New recommendations for patients with congenital heart disease

The diagnosis and treatments of congenital heart disease have improved so much that many babies now born with heart defects can still look forward to a long and fulfilling life. Just two generations ago, the majority of babies born with heart defects died before their first birthday, but today many of these conditions can be corrected. [More]
Aortic stenosis doubles in patients with family history of the condition

Aortic stenosis doubles in patients with family history of the condition

Aortic stenosis is the most common heart valve disease in the elderly. It is associated with congenital bicuspid aortic valve and previous rheumatic heart disease, but is also often caused by calcification of a normal valve. Calcification of a normal valve may be associated with atherosclerotic changes in the portion of the aorta closest to the valve. [More]
Mutation in a gene could play role in congenital heart disease, say researchers

Mutation in a gene could play role in congenital heart disease, say researchers

A mutation in a gene crucial to normal heart development could play a role in some types of congenital heart disease-the most common birth defect in the U.S. The finding, from a team in The Research Institute at Nationwide Children's Hospital, could help narrow the search for genes that contribute to this defect, which affects as many as 40,000 newborns a year. [More]

UCLA performs pulse oximetry tests for newborn babies to detect CCHD

Before he was discharged from UCLA Medical Center, Santa Monica, baby Gaël Villegas received the standard panel of newborn screenings to check for genetic and metabolic diseases and hearing. The results showed a healthy baby. [More]
WVU ICRH director named 2013 Rural Health Practitioner of the Year

WVU ICRH director named 2013 Rural Health Practitioner of the Year

Larry Rhodes, M.D., interim chair of the West Virginia University Department of Pediatrics and director of the WVU Institute for Community and Rural Health, has been named the 2013 Rural Health Practitioner of the Year by the National Rural Health Association. [More]

New research shows that spontaneous mutations contribute to congenital heart disease

Every year, thousands of babies are born with severely malformed hearts, disorders known collectively as congenital heart disease. Many of these defects can be repaired though surgery, but researchers don't understand what causes them or how to prevent them. New research shows that about 10 percent of these defects are caused by genetic mutations that are absent in the parents of affected children. [More]
Nutritional supplement may improve survival rates of babies born with heart defects

Nutritional supplement may improve survival rates of babies born with heart defects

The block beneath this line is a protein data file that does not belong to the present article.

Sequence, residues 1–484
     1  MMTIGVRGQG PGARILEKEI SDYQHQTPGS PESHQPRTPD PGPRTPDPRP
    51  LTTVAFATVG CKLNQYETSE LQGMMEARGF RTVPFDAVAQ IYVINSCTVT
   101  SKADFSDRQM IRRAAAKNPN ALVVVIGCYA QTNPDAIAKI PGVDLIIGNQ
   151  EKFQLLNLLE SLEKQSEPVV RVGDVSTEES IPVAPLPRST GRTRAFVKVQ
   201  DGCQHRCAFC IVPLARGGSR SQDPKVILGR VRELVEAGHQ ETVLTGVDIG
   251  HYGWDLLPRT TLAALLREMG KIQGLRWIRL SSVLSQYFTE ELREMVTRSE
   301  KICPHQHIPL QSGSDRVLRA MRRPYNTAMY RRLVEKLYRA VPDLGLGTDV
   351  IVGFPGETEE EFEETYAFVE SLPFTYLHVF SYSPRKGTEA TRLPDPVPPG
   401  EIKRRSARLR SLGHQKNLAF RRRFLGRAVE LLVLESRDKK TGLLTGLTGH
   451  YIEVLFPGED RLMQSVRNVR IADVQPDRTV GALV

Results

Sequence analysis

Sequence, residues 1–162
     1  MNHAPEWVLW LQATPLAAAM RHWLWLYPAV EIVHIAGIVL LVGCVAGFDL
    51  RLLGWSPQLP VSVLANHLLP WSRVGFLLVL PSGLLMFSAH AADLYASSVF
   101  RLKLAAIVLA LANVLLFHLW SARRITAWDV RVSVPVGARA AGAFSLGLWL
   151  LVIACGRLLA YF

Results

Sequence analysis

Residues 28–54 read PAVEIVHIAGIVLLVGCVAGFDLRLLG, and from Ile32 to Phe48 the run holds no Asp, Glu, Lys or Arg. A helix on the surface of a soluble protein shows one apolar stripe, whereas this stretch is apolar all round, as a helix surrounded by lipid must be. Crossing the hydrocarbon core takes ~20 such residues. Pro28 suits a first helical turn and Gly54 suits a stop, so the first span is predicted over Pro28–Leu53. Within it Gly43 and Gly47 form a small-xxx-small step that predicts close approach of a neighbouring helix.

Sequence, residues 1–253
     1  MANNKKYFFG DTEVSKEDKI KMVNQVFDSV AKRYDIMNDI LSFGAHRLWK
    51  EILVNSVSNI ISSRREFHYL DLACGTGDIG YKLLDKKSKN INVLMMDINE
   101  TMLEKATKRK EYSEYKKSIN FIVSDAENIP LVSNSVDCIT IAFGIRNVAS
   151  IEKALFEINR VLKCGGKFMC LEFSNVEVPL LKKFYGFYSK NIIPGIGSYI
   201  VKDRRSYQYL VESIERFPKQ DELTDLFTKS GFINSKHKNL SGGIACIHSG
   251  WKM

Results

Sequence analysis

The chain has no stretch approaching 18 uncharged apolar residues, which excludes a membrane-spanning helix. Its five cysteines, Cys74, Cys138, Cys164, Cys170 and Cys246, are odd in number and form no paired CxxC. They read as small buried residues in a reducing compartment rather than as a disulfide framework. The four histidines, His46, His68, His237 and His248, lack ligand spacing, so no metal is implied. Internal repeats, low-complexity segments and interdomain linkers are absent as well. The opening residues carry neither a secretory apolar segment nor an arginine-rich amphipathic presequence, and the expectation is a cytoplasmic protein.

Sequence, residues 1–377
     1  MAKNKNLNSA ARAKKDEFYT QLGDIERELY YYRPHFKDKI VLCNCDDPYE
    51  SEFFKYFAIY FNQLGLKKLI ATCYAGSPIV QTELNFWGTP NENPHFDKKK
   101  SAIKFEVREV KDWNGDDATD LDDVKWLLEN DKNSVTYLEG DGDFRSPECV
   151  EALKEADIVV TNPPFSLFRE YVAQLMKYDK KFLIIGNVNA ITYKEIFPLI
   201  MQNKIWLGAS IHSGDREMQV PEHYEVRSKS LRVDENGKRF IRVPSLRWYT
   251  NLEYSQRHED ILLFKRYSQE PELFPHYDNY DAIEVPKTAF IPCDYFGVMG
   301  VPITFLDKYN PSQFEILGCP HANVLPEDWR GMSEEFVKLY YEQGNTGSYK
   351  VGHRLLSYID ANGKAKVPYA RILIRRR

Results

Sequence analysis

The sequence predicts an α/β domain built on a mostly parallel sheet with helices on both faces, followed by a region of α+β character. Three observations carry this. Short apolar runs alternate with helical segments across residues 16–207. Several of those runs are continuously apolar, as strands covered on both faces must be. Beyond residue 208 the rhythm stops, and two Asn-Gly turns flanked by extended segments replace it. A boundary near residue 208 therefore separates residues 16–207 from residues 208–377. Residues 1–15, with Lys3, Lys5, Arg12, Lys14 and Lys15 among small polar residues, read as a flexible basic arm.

A common nutritional supplement may be part of the magic in improving the survival rates of babies born with heart defects, researchers report. Carnitine, a compound that helps transport fat inside the cell powerhouse where it can be used for energy production, is currently used for purposes ranging from weight loss to chest pain. [More]

Researchers use contrast-computed tomography for anatomical reconstruction of human heart

On April 18th JoVE (Journal of Visualized Experiments) will publish a new video article by Dr. Paul A Iaizzo demonstrating the anatomical reconstruction of an active human heart. The research uses contrast-computed tomography (CT) to allow in-depth 3-D computer modeling of hearts that can be used for prolonged archiving. [More]

CWRU, UH Neurological Institute to present 2013 Neurocritical Care & Stroke Conference

University Hospitals (UH) Neurological Institute, in partnership with Case Western Reserve University School of Medicine, will present the 10th Annual Cleveland Neurocritical Care & Stroke Conference: With a Little Help From My Friends on March 8, 2013 at Case Western Reserve University's Iris S. and Bert L. Wolstein Research Building. [More]
Whole genome sequencing could become prenatal standard of care

Whole genome sequencing could become prenatal standard of care

Whole genome sequencing of the DNA code of prenatal samples accurately and quickly identifies the location of chromosomal abnormalities, and could become a prenatal standard of care, researchers propose. [More]
Cardiac arrhythmias: an interview with Dr Andrew Grace

Cardiac arrhythmias: an interview with Dr Andrew Grace

Cardiac arrhythmias are disturbances of the heartbeat. The heart can either go too slowly, which might make people collapse or exhausted; or too quickly. [More]